Main Article Content
This descriptive research aimed to study nurses’ ethical dilemmas and ethical decision making in providing care for psychiatric patients with violent behavior in psychiatric hospitals, Southern Thailand regarding to the dilemma between doing good care and violating clients’ autonomy. One hundred and fourty four nurses were included in the study. The instrument was a questionnaire covering 3 areas: (1) demographic data, (2) the frequency and severity of ethical dilemmas, and (3) ethical decision making and reasons. Content validity was examined by three experts. The reliability of the questionnaire was tested with 30 subjects and yielded a Cronbach’s alpha coefficient for the ‘frequency part’ as 0.84 and for the ‘severity part’ as 0.78. Data were analyzed using descriptive statistics. The results were as follows:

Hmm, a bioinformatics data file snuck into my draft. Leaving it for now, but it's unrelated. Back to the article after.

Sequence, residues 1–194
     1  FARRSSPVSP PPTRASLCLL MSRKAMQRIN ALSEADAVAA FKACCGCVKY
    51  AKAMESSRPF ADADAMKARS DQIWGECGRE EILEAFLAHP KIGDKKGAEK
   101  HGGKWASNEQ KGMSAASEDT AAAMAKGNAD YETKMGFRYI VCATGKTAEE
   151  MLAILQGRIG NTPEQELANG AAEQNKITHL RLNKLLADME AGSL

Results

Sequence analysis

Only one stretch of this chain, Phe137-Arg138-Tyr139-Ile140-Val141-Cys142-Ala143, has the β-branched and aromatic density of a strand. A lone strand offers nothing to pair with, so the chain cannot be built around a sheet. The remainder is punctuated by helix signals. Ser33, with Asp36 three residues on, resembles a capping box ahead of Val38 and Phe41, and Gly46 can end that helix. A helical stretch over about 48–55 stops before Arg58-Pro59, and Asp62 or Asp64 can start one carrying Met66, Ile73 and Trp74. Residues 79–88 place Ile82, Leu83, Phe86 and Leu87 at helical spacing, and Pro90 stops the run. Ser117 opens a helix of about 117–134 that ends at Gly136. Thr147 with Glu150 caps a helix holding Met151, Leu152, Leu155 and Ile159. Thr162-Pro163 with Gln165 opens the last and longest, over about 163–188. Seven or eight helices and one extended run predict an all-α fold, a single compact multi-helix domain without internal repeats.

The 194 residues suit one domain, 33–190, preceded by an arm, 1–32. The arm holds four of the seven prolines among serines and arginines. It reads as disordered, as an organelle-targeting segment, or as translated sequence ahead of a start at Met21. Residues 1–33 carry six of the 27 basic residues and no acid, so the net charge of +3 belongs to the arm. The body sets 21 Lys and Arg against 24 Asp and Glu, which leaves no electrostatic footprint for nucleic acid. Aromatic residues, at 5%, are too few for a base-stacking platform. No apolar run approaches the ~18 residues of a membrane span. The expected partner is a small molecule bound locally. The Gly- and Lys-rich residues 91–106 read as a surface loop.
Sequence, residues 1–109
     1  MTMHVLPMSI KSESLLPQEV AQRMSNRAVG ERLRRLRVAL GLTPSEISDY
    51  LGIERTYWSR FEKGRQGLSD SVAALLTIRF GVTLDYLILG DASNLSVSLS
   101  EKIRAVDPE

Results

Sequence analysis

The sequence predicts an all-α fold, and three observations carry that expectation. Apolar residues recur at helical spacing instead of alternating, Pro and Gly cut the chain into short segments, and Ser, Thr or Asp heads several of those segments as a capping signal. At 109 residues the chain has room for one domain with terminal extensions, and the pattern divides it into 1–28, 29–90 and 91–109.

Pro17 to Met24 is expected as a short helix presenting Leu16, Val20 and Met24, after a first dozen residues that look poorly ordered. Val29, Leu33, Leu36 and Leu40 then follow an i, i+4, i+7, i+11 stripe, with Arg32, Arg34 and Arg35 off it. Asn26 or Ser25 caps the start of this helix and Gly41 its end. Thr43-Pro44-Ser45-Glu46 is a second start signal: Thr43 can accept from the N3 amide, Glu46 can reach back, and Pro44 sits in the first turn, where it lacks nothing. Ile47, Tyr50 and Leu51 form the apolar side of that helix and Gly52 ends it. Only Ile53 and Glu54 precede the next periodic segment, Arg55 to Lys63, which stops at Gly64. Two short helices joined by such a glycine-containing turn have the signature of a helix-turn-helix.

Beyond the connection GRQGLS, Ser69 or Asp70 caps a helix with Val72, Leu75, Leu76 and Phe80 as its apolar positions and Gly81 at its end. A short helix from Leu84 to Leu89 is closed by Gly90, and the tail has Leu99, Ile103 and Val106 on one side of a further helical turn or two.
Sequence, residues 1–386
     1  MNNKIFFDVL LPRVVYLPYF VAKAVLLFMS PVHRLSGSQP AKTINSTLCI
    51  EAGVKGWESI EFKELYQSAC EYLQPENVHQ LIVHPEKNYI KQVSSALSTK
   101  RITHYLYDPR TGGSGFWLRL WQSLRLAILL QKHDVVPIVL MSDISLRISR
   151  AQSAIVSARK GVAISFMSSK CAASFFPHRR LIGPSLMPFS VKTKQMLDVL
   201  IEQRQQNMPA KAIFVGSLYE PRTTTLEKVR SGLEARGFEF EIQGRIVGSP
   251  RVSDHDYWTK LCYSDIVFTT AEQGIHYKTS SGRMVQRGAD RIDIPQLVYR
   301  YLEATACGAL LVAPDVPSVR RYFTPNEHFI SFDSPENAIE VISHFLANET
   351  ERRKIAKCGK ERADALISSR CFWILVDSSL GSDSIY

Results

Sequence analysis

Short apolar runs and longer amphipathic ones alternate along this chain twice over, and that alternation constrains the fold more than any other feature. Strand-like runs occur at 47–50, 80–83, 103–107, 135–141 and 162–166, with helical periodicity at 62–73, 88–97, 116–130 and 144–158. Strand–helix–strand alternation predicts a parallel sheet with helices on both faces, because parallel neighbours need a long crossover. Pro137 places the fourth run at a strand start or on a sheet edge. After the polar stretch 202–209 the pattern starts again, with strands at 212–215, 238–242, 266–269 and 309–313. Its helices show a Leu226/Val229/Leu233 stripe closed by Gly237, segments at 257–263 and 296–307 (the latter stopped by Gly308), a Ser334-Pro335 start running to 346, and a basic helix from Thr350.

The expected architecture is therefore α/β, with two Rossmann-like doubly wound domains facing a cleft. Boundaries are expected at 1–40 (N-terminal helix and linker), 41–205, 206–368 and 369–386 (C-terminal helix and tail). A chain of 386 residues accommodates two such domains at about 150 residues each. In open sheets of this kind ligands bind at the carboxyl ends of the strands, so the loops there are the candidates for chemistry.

Nurses faced with the dilemma as moderate level (M=3.34, SD=1.05). They also reported the severity of this dilemma as a moderate level (M=2.95, SD=0.87). 74.3% of subjects had faced the ethical dilemma of “uncomfortable to choose between isolating the patient in the seclusion room and letting them stay with others” from moderate to high level. A majority of these nurses (65.9%) dealt with this dilemma by taking the patient into a seclusion room in order to protect the patient from harm.